Archive for March, 2013

The following poem, called “Miriam’s Song,” was written by contemporary American poet named Eleanor Wilner. Born in Ohio in 1937, Eleanor was on the faculty of the MFA Program for Writers at Warren Wilson College. She lived part of her life in Philadelphia. It strikes me as a beautiful addendum to my previous post, on women’s role in the Exodus.

Miriam’s Song by Eleanor Wilner

Death to the first born sons, always —
The first fruits to the gods of men.
She had not meant it so, standing in the reeds,
back then, the current tugging at her skirt
like hands, she had only meant to save
her little brother, Moses, red-faced with rage
when he was given
to the river. The long curve of the Nile
would keep their line, the promised land
around the bend. Years later
when the gray angel, like the smoke trail
of a dying comet, passed by their houses
with blood smeared over doorways, Miriam,
her head hot in her hands, wept
as the city swelled
with the wail of Egypt’s women.
Then she straightened up, slowly plaited
her hair and wound it tight around her head,
drew her long white cloak with its deep blue
around her, went out to watch the river
where Osiris, in his golden funeral barge, floated by forever …
as if in offering, she placed a basket on the river,
this time an empty one, without the precious
of tomorrow. She watched it drift a little from the shore.
She threw one small stone in it,
then another, and another, til its weight
was too much for the water and it slowly turned
and sank. She watched the Nile gape and
then heal its own green skin. She went
to join the others, to leave one ruler
for another, one Egypt for the next.
Some nights you still can see her, by some river
where the willows hang, listening to the heavy
of armies, whose sons once hidden dark
in baskets, and in their mind she sees her sister,
the black-eyed Pharaoh’s daughter, lift the baby
like a gift from the brown flood waters
and take him home to save him, such  pretty
boy and so disarming, as his dimpled hands
reach up, his mouth already open
for the breast.

To hear an NPR podcast about Exodus and Wilner’s poem “Miriam’s Song,” click here! This interview first aired On Being in 2005 and includes an interview with Aviva Zornberg. Zornberg is a scholar of Torah and rabbinic literature, and author of several books including The Particulars of Rapture: Reflections on Exodus.

Read Full Post »

This year, I had the honor and pleasure of delivering the following d’var Torah for a women’s seder hosted by the Women of Reform Judaism at Beth David Congregation of Philadelphia. I was asked to speak for about 5 minutes on the topic of women in the Exodus story. This is what I shared:

Original artwork for sale at the Reiss Gallery in Greenwood Village, Co. http://rreissgallery.com/mishory.html

Death. Water. Rebirth.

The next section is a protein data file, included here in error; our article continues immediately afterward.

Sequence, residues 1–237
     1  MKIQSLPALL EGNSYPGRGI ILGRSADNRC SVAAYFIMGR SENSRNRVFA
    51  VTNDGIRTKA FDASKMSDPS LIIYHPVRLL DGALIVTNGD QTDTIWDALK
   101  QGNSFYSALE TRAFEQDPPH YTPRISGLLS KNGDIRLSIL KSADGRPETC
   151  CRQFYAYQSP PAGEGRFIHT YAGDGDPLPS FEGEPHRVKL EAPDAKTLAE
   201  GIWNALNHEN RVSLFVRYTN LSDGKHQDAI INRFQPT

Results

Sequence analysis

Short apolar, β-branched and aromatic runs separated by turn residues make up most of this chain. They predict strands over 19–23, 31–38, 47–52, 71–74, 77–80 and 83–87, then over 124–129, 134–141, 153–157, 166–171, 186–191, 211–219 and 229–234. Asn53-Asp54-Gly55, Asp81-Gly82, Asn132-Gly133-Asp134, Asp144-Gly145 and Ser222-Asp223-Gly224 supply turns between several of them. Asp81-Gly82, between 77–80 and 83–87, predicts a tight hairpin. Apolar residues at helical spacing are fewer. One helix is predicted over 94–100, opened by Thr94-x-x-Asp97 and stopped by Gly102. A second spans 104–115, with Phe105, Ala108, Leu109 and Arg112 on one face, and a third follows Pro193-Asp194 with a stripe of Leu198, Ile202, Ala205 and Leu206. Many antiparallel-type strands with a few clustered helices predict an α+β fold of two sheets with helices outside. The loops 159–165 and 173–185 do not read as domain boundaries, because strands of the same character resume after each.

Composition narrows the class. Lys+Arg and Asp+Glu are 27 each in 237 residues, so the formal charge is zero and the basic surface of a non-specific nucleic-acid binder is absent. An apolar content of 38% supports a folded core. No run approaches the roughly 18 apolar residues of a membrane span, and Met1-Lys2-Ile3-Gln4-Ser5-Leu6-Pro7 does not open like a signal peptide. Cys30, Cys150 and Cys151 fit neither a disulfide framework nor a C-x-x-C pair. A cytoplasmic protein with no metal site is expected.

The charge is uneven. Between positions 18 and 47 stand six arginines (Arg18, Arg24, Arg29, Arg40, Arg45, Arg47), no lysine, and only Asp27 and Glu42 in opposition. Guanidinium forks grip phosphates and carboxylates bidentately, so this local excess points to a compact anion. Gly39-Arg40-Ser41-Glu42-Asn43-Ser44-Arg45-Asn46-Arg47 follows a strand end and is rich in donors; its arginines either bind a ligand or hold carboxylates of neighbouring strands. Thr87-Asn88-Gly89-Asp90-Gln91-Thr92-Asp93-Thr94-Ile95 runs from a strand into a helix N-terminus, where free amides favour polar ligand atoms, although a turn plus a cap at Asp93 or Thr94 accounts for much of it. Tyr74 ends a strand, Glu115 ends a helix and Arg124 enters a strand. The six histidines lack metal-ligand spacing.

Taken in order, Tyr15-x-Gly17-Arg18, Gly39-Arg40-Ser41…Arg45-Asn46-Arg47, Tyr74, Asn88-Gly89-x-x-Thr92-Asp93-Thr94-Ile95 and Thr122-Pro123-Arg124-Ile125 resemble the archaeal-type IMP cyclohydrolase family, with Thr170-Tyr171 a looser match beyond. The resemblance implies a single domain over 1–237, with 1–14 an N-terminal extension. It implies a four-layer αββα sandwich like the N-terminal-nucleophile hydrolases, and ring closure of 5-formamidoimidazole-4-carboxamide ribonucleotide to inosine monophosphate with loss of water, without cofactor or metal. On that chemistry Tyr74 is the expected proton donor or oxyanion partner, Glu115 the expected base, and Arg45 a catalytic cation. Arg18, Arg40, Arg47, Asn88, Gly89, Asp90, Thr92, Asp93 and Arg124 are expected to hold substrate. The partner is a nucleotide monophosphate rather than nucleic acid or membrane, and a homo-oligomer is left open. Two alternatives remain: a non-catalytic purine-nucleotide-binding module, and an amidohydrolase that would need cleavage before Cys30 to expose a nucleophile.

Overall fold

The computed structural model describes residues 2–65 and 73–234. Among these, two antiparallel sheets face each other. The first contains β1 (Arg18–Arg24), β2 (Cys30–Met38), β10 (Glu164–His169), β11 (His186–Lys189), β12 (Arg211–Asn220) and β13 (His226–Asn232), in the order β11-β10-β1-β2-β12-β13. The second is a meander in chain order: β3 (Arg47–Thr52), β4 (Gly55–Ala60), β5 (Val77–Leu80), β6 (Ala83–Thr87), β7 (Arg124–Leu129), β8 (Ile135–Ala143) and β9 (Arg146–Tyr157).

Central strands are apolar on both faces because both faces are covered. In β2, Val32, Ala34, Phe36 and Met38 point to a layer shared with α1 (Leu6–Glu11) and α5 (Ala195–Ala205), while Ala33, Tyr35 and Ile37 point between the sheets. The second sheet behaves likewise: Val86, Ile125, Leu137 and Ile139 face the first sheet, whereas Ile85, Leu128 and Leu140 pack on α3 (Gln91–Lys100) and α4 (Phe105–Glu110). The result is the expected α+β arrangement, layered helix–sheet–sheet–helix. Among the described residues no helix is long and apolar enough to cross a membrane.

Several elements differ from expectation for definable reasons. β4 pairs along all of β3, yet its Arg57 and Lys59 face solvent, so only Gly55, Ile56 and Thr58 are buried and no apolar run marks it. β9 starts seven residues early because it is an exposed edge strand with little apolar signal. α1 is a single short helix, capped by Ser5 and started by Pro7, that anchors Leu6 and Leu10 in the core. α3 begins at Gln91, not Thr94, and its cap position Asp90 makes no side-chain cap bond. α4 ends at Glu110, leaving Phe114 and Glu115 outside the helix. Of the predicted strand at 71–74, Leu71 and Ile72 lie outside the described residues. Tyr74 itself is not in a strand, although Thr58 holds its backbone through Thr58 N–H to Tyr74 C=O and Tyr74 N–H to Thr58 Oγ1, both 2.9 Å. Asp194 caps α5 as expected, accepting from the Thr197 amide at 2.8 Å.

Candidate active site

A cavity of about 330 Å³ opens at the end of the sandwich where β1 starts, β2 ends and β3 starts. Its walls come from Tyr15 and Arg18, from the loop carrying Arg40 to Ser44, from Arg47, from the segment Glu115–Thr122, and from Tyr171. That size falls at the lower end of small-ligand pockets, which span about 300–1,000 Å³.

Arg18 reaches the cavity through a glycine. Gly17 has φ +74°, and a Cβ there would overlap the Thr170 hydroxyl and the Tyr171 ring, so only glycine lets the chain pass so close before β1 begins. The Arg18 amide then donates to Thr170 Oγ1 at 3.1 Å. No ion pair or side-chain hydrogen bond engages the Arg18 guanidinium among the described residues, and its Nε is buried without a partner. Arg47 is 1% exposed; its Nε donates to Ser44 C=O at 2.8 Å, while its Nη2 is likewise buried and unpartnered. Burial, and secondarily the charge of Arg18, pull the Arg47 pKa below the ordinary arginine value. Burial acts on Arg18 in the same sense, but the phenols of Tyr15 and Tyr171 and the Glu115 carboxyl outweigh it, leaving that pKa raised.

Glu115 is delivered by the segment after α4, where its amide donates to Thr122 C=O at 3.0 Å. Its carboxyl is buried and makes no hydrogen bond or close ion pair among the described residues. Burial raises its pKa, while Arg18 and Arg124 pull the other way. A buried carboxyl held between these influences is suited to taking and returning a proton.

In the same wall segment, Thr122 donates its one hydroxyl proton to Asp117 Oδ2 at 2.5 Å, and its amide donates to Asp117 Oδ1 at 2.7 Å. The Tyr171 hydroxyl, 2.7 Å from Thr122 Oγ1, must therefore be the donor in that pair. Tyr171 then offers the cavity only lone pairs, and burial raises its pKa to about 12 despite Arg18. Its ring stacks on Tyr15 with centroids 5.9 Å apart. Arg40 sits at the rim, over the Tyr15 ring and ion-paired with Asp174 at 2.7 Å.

Death. Water. Rebirth.

This is the pattern we see in the famous story of the Exodus. Each is a stepping stone in the great circle of life.

First we have the Pharaoh of Egypt, a powerful yet fearful man who has grown paranoid that the population of his Hebrew slaves is becoming too great, and might one day overpower him. So, he issues a decree that all firstborn sons be killed. Death.

A loving sister named Miriam takes her baby brother and releases him to the fates of a raging river, in the hopes he will survive. Water.

He does survive. And it is Moses’s survival that will make possible the transformation of the Hebrew slaves into the Israelite people — a free people on their own land. Rebirth.

But even within this story’s mega-journey from Death, Water, to Rebirth, we also witness smaller inner-journeys that mimic this same pattern. The Exodus story begins with God deciding that enough is enough; he will no longer tolerate Pharaoh’s cruelty against his people. Through Moses, God sends 10 plagues. The plagues culminate, each more horrible than the last, until the final plague. Death to the Egyptians! But it not just death to firstborn sons. (You might have thought this. This is how it is depicted in the famous Charlton Heston movie about the Exodus.) But the movie was wrong! That is not what the texts say. The Torah says that the edict of death was for the firstborn of all the people and even of all the animals in the Egyptian kingdom.

Did you know? Pharaoh’s daughter was a first-born child. The woman who plucked Moses from the reeds and raised him as her own son, she was destined to perish in the 10th plague.

But, she did not perish. P’sikta D’rav Kahana 7:7 — a 5th century rabbinic text — tells us that Moses prayed for his adoptive mother. The text gives her the name of Bithiah. Moses’s prayer invoked a passage from Proverbs 31:18 about a “woman of valor.” According to this passage, the lamp of a woman of valor never goes out at night. P’sikta D’rav Kahana understands this to be a metaphysical reference to Pharaoh’s daughter, whose soul was not extinguished on that terrible night.